The number of patients being readmitted to hospital in an emergency with potentially preventable conditions such as pneumonia has increased by over 40% in the last seven years, new analysis has shown.
The findings from QualityWatch, a research programme from the Nuffield Trust and the Health Foundation, looked at hospital data detailing patient diagnoses and the reasons behind emergency hospital readmissions between 2010 and 2017.
The researchers found a 19% rise in patients being readmitted to hospital in an emergency within 30 days of discharge between 2010/11 and 2016/17. Within this, the analysts identified a 41% rise in emergency readmissions for conditions classified as ‘potentially preventable’.
However, they acknowledged that the increases may be partly down to changes in how conditions are coded in hospitals, as well as a rapidly growing older population.
The ‘potentially preventable’ readmissions included patients with pneumonia, pressure sores and venous thromboembolism (VTE) and were conditions that the patients were not diagnosed with when they were first admitted to hospital.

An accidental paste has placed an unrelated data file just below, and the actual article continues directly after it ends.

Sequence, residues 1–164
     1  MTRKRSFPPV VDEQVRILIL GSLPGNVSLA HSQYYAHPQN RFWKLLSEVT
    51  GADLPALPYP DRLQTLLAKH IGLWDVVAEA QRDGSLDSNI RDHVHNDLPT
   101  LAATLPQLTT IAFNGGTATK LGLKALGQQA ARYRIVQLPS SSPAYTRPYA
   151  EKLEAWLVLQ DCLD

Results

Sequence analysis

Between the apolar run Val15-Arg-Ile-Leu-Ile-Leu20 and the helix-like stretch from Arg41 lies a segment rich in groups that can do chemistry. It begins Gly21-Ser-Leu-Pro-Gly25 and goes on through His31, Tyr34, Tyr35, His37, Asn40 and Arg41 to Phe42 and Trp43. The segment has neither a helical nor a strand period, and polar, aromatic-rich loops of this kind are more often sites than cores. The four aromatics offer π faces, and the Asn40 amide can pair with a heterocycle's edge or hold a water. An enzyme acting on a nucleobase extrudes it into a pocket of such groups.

The analysis aims to highlight, among other things, where improved quality of care in the community might have prevented readmission, the Nuffield Trust said.
According to the researchers, these findings should raise questions about the quality of care that older people are receiving from community and social care services – as well as how and when they are discharged from hospital.
Potentially preventable emergency readmissions to hospital grew from 130,760 to 184,763 – an increase of 41.3% – between 2010/11 and 2016/17. This means that the proportion of patient hospital stays that were followed by these types of readmission grew from 0.8% to 1.1%.
|Condition||2010/11 readmissions||2016/17 readmissions||Percentage Increase|
The increases in both pneumonia and pressure sore readmissions were greater than the overall increases in cases in those conditions respectively.
While the findings may point towards changes in coding practices of conditions in hospital, as well as a rapidly growing frailer and older population, the findings show there is a good opportunity for local health providers and policy makers to target their quality improvement efforts, the Nuffield Trust said.
Research analyst at the Nuffield Trust Jessica Morris, who led the research, said: ‘Emergency readmissions to hospital, for conditions that were not diagnosed during their first visit, are potentially a warning sign that a patient’s quality of care may have been compromised.’
Ms Morris added: ‘The findings provide local health providers with a good opportunity to sit up and focus their attention and quality improvement initiatives on the three conditions where we’ve seen the most significant rise in readmissions.’